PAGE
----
Komad krečnjaka za pisanje po tabli.
Po ostrvu Kreti nazvana vrsta zemljastog belog krečnjaka.
ETYM AS. cealc lime, from Latin calx limestone. Related to Calz, and Cawk.
1. A piece of chalk (or similar substance) used for writing on blackboards or other surfaces.
2. A pure flat white with little reflectance.
3. A soft whitish calcite.
Soft, fine-grained, whitish sedimentary rock composed of calcium carbonate, CaCO3, extensively quarried for use in cement, lime, and mortar, and in the manufacture of cosmetics and toothpaste. Blackboard chalk in fact consists of gypsum (calcium sulfate, CaSO4.2H2).
Chalk was once thought to derive from the remains of microscopic animals or foraminifera. In 1953, however, it was seen under the electron microscope to be composed chiefly of coccolithophores, unicellular lime-secreting algae, and hence primarily of plant origin. It is formed from deposits of deep-sea sediments called oozes.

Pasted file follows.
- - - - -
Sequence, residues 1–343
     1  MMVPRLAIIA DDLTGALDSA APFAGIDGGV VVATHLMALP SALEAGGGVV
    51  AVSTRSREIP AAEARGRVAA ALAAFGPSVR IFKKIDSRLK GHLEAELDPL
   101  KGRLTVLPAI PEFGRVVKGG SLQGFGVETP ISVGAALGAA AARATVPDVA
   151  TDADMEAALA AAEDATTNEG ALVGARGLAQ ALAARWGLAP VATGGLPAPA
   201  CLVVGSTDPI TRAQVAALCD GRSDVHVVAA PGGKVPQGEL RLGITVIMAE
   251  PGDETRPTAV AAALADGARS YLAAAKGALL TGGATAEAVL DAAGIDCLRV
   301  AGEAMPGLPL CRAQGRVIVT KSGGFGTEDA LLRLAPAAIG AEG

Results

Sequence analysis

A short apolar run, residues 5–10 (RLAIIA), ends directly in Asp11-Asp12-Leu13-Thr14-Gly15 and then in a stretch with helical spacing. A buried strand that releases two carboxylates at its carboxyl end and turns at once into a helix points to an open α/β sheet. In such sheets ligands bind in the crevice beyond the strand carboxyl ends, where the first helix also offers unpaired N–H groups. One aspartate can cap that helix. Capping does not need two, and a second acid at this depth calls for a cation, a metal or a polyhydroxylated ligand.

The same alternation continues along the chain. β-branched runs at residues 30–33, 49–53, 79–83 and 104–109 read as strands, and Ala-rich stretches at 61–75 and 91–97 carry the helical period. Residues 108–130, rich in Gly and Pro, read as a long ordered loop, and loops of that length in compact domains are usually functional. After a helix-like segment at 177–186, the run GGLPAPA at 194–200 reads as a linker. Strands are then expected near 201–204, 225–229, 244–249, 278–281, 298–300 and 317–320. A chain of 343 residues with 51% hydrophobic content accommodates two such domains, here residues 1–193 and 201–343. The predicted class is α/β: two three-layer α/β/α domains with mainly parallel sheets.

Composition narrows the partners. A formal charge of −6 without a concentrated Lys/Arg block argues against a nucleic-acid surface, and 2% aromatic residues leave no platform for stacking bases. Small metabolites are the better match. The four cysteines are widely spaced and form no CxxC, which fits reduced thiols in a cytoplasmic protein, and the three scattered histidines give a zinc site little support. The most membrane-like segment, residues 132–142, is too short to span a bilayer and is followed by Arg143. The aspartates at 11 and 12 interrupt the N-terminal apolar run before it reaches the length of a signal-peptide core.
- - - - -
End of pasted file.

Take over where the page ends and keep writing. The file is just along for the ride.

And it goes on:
Soft limestone (made from gypsum) used in stick form as a drawing medium; mixed with pigment and a binding agent it is an ingredient used to make crayons. Chalk drawings exist from prehistoric times and chalk was popular among Renaissance artists, for example, Leonardo da Vinci. It is still used in art today, for example, by pavement artists as it can be erased easily.
Sinonimi: wax crayon
ETYM French, a crayon, a lead pencil (crayon Conté Conté's pencil, i.e., one made a black compound invented by Conté), from craie chalk, Latin creta; said to be, properly, Cretan earth, from Creta the island Crete. Related to Cretaceous.
A colored stick of composition wax used for writing and drawing; SYN. wax crayon.